Second, improving indoor air ventilation and filtration only accounts for far-field (ie, beyond 6 feet) aerosol transmission and does not significantly influence close contact transmission. Wearing masks is still important indoors for source control and for close contact with individuals even when high air exchange rates are achieved.
Third, the utility of air changes per hour over a volumetric flow approach to ventilation is most useful in small rooms with ceiling heights generally less than 12 feet. In rooms with higher ceilings (eg, gymnasiums, atria), aerosols will dilute into the larger space and volumetric flow per area or per person would be a more appropriate measure that takes into account occupant density and activity level, which also influence aerosol emission rates.
Fourth, air exchange rates are useful under typical or low-occupant-density scenarios, as should be happening during a pandemic. In places with large occupancy limits, or if more people are added to a smaller space than it is designed for, ventilation needs to scale up accordingly.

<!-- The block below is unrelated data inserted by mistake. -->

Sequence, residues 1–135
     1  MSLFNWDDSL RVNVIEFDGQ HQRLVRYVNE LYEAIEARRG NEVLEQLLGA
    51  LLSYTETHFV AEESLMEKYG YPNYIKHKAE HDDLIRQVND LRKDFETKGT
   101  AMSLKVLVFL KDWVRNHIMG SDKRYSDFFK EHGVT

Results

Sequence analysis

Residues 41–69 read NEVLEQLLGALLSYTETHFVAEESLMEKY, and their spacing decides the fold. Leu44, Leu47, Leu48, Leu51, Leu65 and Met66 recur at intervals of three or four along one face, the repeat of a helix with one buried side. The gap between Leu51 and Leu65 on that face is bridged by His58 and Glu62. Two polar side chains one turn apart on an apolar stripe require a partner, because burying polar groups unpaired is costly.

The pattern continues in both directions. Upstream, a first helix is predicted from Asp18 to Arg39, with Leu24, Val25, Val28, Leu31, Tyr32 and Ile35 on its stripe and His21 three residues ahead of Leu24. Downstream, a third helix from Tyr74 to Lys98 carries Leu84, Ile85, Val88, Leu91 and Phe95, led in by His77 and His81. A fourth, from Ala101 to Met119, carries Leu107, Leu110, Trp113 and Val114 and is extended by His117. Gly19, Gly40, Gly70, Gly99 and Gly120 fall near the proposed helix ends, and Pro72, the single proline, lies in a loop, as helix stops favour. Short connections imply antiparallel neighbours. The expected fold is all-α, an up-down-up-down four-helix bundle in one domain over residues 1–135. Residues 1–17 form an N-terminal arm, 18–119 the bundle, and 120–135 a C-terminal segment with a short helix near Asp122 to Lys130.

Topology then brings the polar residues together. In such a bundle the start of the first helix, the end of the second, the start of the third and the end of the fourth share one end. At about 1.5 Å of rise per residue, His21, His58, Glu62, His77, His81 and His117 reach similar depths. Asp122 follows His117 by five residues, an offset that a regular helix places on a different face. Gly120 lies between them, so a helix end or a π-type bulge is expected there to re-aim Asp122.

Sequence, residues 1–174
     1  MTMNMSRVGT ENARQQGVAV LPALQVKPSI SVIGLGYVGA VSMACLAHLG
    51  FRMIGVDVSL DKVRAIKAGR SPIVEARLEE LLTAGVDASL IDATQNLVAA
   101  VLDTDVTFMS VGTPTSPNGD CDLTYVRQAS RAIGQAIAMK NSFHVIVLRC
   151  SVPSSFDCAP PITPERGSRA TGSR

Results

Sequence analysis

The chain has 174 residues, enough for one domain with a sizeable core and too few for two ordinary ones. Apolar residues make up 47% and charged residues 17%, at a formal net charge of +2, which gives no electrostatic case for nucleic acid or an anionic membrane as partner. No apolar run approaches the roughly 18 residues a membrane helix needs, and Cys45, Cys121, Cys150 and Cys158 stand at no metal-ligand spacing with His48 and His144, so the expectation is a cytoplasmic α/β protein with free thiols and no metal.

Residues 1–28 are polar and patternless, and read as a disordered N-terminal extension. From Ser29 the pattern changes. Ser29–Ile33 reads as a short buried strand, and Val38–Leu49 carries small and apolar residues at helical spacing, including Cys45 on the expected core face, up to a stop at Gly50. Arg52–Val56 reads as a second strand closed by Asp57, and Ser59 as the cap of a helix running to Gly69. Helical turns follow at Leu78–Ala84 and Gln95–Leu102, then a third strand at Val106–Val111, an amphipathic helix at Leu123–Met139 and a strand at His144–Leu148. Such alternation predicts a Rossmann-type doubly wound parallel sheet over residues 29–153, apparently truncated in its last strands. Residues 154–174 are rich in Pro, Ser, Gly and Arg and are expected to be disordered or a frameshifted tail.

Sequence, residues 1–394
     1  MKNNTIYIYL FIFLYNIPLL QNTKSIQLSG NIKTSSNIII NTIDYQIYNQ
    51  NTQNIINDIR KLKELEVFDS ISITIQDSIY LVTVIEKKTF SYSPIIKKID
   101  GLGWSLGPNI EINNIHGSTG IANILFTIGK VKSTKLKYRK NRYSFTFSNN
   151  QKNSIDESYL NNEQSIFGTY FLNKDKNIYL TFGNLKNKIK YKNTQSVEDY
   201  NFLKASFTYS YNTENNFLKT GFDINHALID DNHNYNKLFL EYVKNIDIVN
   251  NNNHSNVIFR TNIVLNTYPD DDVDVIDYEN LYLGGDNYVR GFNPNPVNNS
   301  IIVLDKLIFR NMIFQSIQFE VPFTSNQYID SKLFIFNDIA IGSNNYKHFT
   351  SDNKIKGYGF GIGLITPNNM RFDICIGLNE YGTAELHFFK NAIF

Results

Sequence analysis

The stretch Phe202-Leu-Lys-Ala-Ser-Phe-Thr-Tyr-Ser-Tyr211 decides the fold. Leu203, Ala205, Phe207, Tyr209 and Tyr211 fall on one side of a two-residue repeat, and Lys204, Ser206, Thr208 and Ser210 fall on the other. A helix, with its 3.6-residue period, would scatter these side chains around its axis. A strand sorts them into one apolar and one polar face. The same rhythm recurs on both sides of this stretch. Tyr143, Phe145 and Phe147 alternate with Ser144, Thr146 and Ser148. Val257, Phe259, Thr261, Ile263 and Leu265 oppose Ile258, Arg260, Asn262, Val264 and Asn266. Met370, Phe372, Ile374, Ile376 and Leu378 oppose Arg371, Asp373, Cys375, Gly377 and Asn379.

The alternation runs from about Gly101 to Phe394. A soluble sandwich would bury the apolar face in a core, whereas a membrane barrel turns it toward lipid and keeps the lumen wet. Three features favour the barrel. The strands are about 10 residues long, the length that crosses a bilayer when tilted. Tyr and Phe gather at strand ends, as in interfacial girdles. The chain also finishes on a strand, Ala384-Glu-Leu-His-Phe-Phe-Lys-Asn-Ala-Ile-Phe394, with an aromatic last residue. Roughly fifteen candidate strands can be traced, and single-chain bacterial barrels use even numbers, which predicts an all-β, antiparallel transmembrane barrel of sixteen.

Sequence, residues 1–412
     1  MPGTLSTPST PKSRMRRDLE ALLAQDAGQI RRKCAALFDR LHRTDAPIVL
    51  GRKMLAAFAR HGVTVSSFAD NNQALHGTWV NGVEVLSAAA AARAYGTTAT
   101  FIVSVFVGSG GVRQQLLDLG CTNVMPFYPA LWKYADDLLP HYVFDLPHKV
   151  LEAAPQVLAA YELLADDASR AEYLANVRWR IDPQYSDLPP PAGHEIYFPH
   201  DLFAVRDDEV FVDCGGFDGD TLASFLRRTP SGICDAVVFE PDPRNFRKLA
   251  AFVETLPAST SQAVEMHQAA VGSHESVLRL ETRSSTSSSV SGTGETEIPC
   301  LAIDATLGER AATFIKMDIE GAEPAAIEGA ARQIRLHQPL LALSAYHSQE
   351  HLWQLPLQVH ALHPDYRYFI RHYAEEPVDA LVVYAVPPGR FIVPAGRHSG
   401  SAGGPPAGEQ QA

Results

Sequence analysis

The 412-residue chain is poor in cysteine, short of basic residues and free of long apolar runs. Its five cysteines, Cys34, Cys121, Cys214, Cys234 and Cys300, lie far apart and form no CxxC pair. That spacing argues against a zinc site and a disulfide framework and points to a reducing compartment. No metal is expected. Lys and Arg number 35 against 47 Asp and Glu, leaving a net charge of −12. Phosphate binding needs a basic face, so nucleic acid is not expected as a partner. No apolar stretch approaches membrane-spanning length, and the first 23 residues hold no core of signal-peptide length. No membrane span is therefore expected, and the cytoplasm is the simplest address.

Fifth, in locations where masks are not worn all of the time, like restaurants, additional strategies are needed including increasing to higher air change per hour targets, workers wearing high-efficiency masks, patrons wearing masks at all times other than while actively eating or drinking, and everyone inside physically distancing at least 6 feet.
Sixth, while these design considerations are important to reducing airborne transmission in the current context of the COVID-19 pandemic, improved air ventilation and filtration is a strategy that should be considered for continued use in buildings going forward because of associations with lower work and school absenteeism, better performance on cognitive function tests, and fewer sick building syndrome symptoms, such as headache and fatigue.10